Assuming that weight loss is desirable, can we really achieve it? Behavioral modifications such as diet and exercise, while first-line recommendations, remain ultimately largely ineffective at maintaining long-term weight loss at desirable levels. Despite intensive research efforts in the field, it remains to be fully elucidated which diet or dietary pattern, if any, is the most beneficial in terms of reducing weight loss or improving metabolic profile. This is related, in part, to the difficulty in reproducing in an experimental setting the real life dietary patterns of populations, let alone to perform long-term clinical trials utilizing these specific diets or dietary patterns. Thus, although data from interventional studies have started to emerge, current dietary recommendations are based mainly on expert opinion, based, to a large extent, on observational studies (which do not prove causality), expected outcomes and risk-benefit estimations.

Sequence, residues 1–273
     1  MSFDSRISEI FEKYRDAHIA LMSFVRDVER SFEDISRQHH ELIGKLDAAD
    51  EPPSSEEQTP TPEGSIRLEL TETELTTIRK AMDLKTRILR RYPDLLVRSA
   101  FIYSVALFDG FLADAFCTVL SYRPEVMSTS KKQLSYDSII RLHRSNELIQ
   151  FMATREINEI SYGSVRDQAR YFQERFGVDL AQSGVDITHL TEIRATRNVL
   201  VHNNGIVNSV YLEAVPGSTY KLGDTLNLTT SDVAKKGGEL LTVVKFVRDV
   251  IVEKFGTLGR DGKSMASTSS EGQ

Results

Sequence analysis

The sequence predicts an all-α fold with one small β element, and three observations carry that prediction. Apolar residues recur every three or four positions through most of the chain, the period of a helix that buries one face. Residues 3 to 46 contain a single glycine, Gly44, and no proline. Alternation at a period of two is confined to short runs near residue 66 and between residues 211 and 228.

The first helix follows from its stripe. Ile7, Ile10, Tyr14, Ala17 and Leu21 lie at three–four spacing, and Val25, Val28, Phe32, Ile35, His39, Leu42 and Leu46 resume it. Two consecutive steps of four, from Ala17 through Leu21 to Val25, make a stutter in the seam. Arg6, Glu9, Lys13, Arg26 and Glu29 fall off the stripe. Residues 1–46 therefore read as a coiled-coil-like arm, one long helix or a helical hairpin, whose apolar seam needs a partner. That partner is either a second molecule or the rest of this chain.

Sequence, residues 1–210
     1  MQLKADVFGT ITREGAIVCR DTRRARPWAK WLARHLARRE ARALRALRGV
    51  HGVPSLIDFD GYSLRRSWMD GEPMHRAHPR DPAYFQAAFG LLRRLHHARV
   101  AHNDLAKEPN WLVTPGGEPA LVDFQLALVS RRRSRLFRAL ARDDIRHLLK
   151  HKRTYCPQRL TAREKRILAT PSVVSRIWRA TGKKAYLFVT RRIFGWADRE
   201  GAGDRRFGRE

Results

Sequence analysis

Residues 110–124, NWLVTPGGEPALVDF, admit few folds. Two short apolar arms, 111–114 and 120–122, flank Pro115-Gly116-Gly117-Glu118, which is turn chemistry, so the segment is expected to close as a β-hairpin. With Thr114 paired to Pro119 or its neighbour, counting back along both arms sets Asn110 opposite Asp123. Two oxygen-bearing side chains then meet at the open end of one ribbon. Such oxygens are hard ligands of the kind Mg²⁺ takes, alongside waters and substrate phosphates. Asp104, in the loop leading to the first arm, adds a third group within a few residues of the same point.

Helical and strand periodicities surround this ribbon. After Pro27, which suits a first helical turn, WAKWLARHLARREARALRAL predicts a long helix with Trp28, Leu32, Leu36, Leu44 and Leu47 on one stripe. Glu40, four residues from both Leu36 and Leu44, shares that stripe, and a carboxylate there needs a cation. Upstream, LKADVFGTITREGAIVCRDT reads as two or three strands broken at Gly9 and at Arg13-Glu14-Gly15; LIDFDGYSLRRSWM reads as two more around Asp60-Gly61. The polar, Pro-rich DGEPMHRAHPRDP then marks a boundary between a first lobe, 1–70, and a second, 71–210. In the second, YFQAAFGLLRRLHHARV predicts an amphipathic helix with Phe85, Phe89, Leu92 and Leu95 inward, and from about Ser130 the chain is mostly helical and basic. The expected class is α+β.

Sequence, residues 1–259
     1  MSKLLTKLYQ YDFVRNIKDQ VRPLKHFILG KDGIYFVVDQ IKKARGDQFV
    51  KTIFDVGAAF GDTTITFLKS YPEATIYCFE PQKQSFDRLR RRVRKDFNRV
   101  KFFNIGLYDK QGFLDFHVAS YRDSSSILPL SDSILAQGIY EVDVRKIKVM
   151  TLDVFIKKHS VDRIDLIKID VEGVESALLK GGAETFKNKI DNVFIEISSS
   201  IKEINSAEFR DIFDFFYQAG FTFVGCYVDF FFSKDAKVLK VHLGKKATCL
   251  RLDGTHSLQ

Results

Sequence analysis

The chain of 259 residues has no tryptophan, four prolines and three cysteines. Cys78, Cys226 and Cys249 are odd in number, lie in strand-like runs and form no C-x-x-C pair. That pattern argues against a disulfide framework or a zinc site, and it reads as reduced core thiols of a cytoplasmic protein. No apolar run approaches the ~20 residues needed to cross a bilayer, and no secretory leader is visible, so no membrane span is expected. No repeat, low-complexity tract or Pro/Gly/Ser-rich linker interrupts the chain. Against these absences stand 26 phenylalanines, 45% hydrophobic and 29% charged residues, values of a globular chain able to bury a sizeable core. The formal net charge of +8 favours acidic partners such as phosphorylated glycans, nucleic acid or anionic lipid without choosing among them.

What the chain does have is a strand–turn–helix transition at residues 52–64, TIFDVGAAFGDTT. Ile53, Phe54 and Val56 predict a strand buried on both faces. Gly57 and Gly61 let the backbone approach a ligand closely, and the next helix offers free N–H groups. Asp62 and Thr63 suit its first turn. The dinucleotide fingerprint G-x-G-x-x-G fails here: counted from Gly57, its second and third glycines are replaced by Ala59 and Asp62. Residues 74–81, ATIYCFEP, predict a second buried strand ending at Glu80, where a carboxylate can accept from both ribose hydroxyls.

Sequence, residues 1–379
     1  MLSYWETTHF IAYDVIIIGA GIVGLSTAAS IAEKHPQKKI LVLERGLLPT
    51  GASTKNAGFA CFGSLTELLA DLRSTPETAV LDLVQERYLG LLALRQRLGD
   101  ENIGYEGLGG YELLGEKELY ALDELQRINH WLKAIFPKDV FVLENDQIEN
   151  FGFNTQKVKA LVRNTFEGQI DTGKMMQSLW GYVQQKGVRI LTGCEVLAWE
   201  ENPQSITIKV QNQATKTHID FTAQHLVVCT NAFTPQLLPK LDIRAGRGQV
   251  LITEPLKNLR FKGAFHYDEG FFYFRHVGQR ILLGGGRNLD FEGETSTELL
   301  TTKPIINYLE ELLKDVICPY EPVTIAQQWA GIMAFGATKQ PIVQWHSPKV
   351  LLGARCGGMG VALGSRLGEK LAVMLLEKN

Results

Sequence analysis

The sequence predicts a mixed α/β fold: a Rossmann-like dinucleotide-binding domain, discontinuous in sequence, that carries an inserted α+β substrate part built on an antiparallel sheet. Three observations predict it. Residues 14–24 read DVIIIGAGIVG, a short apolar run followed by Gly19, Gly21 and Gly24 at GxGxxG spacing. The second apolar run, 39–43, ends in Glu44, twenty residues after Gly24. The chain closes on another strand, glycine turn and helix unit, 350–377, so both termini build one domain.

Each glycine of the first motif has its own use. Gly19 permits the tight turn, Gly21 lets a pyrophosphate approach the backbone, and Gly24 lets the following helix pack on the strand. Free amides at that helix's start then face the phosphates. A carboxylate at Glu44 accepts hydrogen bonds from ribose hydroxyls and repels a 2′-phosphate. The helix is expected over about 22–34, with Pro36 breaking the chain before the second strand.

We discuss herein the effects of different treatment modalities, including behavioral modifications such as diet and exercise, pharmacotherapy, and bariatric surgery, on obesity and its comorbidities, including cardiovascular risk factors, risk for malignancy, bone disease, biliary disease, and overall quality of life. Pertinent randomized controlled clinical trial and meta-analysis data are discussed and when these are not available, or do not fully elucidate relevant questions, data from observational studies and case series are reported in the relevant chapters of this book.
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Many women who have recently given birth are always interested in attempting to lose some of that extra weight that traditionally accompanies having a baby. What many of these women do not entirely realize is the fact that breast-feeding can not only help provide the baby with essential vitamins and nutrients, but can also help in the weight-loss process.